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In Florida, a person must be licensed to carry a concealed firearm on themselves. While the second amendment of the United States Constitution gives people the right to keep and bear arms, States are allowed to regulate gun ownership. In Florida, the penalties for improper gun ownership and improper use are severe, therefore it is important that you call our office if you, or a loved one is charged with a gun crime. Call now to speak with a Fort Lauderdale gun crime attorney for a case evaluation.What is Considered a Firearm in Florida?
Firearm means any weapon (including a starter gun) which will, is designed to, or may readily be converted to expel a projectile by the action of an explosive; the frame or receiver of any such weapon; any firearm muffler or firearm silencer; any destructive device; or any machine gun. The term “firearm” does not include an antique firearm unless the antique firearm is used in the commission of a crime.What is a Concealed Firearm?
A concealed firearm means any firearm which is carried on or about a person in such a manner as to conceal the firearm from the ordinary sight of another person.
Consequences of Carrying a Concealed Firearm
If an unlicensed person carries a concealed firearm on themselves, or near themselves, that person commits a third-degree felony and can be punished up to five years in prison and up to a $5,000 fine.
Whenever a person is charged with a felony, except a felony in which the use of a weapon or firearm is an essential element, and during the commission of such felony the defendant carries, displays, uses, threatens to use, or attempts to use any weapon or firearm, or during the commission of such felony the defendant commits an aggravated battery, the felony for which the person is charged shall be reclassified as follows:
- In the case of a felony of the first degree, to a life felony.
- In the case of a felony of the second degree, to a felony of the first degree.
- In the case of a felony of the third degree, to a felony of the second degree.
Which charges can be enhanced if a gun is used?
- Sexual battery
- Aggravated battery
- Aircraft piracy
- Aggravated child abuse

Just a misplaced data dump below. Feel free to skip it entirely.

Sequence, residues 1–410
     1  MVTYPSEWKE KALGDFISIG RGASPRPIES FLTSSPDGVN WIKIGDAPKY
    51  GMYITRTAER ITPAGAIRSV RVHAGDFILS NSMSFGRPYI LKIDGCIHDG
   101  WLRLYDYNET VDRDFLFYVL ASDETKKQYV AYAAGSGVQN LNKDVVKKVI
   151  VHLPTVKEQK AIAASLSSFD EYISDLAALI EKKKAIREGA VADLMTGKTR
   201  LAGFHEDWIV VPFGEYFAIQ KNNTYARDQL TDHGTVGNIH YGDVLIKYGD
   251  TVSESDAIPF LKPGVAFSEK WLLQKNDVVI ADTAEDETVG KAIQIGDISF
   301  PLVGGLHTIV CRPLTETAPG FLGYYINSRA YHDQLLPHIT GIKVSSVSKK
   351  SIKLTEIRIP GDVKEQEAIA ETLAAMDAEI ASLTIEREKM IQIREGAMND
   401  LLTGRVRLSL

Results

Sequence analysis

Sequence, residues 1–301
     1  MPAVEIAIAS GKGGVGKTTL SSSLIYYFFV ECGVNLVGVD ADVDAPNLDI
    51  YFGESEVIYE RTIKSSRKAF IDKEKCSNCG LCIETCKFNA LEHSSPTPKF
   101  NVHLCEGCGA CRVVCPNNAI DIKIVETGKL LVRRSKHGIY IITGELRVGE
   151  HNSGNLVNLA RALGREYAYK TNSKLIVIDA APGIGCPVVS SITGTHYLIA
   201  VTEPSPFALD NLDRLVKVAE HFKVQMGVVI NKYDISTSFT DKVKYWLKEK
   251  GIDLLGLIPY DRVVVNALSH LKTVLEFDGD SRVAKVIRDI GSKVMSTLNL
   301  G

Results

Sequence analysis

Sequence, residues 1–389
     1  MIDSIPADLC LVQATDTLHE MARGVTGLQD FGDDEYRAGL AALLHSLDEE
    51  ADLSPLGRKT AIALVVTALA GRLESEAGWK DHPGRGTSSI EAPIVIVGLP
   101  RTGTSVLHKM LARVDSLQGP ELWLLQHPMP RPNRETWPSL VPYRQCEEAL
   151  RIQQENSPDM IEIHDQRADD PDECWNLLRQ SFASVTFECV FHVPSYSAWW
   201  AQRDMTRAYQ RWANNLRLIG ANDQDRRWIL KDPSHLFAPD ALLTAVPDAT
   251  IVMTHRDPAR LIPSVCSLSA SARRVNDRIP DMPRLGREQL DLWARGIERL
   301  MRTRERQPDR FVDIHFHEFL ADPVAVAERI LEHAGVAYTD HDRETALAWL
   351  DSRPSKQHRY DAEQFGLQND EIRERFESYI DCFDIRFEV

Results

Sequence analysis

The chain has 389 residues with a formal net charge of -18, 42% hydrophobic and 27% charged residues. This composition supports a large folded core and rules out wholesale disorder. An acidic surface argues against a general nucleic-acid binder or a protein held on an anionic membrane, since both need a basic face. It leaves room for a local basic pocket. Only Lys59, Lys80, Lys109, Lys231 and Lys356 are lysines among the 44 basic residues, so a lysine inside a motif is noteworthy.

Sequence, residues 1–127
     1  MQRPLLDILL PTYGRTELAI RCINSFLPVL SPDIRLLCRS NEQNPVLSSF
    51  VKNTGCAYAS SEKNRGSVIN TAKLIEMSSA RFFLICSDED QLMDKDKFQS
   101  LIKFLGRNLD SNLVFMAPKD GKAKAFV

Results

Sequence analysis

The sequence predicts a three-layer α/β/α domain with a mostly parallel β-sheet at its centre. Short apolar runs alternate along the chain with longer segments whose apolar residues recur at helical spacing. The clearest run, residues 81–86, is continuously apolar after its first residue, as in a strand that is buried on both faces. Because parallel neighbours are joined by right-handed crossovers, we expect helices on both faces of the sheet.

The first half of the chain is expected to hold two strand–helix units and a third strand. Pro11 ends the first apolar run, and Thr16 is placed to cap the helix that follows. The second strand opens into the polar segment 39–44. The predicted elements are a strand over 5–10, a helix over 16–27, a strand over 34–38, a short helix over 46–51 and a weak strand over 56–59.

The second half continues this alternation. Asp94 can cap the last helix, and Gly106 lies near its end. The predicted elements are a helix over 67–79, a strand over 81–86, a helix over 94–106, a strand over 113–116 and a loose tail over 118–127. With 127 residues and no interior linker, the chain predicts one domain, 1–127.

- Aggravated abuse of an elderly person or disabled adult
- Unlawful throwing, placing, or discharging of a destructive device or bomb
- Home-invasion robbery
- Aggravated stalking
- Trafficking in cannabis, trafficking in cocaine, capital importation of cocaine, trafficking in illegal drugs, capital importation of illegal drugs, trafficking in phencyclidine, capital importation of phencyclidine, trafficking in methaqualone, capital importation of methaqualone, trafficking in amphetamine, capital importation of amphetamine, trafficking in flunitrazepam, trafficking in gamma-hydroxybutyric acid (GHB), trafficking in 1,4-Butanediol, trafficking in Phenethylamines, or other violation of Florida Statute 893.135(1) or
- Possession of a firearm by a convicted felon
Possession of a Firearm: If someone possesses a firearm during any of the listed offenses, that person shall be sentenced to a minimum term of imprisonment of 10 years, unless the conviction are possession of a firearm by a felon or burglary of a conveyance. In those cases, the minimum term of imprisonment is 3 years in Florida State Prison.
Discharge of a Firearm: If someone discharges a firearm during one of the listed offenses, that person must be sentenced to a minimum term of imprisonment of 20 years.
Discharge of a Firearm with death or great bodily harm: If someone is convicted of a listed felony, and because of the discharge of the firearm, causes death or great bodily harm, that person must be sentenced to a minimum term of imprisonment of not less than 25 years and not more than a term of imprisonment of life in prison.
For more information, contact our office to speak with a Fort Lauderdale gun crime lawyer today.